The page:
What is a hybrid meeting? It’s a term coined by Commute Zero author Carol to refer to a meeting in which some attendees are face to face in a conference room and others attend remotely, either from home or from an office or from another conference room. Hybrid meetings present some special challenges, not just technical problems (flat-sounding speaker phones) but also cultural issues .
Carol and I once attended remotely a hybrid meeting in which a vendor presented his company’s remote meeting software. He invited attendees to ask questions and discuss as he went along but he only replied to participants in the room. Carol made several insightful comments. Talk in the room paused as she spoke so it was clear that the speaker phone worked. But the presenter continued around her comments as though he hadn’t heard what she had said. He ignored her.
Out of sight, out of mind. It’s not easy for anyone to “see” a remote participant in his mind’s eye as clearly as he sees the people in front of him or to take the same interest in a tinny comment from a speaker phone as he does in someone speaking directly to him. Ironically, in the vendor’s company culture, people who did not make the effort to attend meetings physically were thought to be lazy, so the vendor was not accustomed to according equal respect to remote participants.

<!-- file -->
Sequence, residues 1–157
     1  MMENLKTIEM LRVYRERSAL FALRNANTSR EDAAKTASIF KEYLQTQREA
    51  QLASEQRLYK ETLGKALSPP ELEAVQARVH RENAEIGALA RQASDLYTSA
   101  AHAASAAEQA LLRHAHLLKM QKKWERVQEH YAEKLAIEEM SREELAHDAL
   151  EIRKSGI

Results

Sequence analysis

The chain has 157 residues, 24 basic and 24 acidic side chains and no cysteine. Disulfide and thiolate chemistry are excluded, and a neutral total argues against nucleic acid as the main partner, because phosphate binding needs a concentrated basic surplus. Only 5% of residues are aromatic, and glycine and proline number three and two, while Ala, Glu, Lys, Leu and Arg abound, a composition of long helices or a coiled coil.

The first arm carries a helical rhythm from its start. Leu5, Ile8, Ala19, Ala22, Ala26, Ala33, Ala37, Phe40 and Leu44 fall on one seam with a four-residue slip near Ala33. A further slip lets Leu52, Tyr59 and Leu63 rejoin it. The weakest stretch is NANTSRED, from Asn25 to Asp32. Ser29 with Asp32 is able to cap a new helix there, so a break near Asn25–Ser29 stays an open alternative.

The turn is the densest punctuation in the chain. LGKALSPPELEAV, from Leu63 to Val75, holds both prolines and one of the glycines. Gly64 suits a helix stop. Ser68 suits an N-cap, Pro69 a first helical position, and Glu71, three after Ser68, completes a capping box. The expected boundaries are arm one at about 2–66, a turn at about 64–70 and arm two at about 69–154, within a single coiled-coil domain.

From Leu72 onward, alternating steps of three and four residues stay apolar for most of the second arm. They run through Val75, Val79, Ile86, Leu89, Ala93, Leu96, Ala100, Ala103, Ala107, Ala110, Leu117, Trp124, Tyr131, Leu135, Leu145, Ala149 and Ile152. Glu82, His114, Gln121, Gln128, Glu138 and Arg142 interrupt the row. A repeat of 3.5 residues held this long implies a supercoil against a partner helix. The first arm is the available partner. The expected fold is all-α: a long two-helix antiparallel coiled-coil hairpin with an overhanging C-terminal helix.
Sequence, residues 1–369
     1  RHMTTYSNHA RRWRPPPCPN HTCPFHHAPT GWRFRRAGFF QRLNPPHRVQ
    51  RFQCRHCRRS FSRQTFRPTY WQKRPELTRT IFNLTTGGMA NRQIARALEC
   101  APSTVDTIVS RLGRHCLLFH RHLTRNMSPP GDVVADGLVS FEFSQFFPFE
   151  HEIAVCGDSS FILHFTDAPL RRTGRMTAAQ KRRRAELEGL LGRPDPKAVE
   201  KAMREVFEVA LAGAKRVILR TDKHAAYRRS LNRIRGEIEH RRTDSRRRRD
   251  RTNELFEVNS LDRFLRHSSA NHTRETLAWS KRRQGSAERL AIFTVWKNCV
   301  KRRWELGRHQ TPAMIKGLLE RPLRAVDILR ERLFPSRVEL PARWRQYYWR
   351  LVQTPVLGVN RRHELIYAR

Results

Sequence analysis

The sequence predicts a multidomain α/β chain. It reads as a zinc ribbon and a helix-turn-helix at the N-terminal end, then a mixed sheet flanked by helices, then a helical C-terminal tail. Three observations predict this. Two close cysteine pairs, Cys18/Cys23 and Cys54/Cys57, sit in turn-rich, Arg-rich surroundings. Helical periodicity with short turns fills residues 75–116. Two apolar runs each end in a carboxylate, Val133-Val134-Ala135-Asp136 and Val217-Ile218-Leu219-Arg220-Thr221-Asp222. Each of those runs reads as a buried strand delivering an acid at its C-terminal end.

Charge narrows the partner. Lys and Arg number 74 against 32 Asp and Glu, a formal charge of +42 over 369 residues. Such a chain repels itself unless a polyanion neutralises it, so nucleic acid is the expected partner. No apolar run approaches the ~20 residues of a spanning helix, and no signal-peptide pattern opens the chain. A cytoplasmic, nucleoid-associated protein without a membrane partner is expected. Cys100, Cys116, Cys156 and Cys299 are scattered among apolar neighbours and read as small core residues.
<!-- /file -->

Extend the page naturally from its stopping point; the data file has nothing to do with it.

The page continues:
Where hybrid meetings are necessary, tips on hybrid meeting etiquette for meeting leaders and participants can help to some extent. Photos of remote participants posted in the meeting room or web cam images on a conference room screen can help people to “see” remote members. In-room “buddies” can assure that remote participants hear and are heard. Remote presentation tools let everyone see the slides and remote whiteboard applications share “chalktalk” drawings.
But why solve the problem the hard way? Unless conference line capacity is limited, invite everyone to attend remotely, whether from across the room or across the world. The issue of visible versus invisible or “us” versus “them” is removed. Everyone can participate on equal terms.
Besides, you don’t have enough conference rooms to go around anyway. (Amazing how I just happen to know that, isn’t it?) Virtual meeting space isn’t as crowded.